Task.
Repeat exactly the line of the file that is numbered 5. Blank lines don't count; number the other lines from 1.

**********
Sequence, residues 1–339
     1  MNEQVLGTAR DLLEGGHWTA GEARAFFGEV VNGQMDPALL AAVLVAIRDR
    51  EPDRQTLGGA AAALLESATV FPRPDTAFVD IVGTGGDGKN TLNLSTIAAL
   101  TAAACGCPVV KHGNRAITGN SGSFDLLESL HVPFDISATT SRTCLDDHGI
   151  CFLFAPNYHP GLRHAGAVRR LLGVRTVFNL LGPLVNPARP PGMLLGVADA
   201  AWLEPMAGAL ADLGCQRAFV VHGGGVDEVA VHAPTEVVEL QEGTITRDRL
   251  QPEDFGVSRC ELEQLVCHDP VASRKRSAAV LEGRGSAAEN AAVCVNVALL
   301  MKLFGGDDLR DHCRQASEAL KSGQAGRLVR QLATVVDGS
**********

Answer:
   151  CFLFAPNYHP GLRHAGAVRR LLGVRTVFNL LGPLVNPARP PGMLLGVADA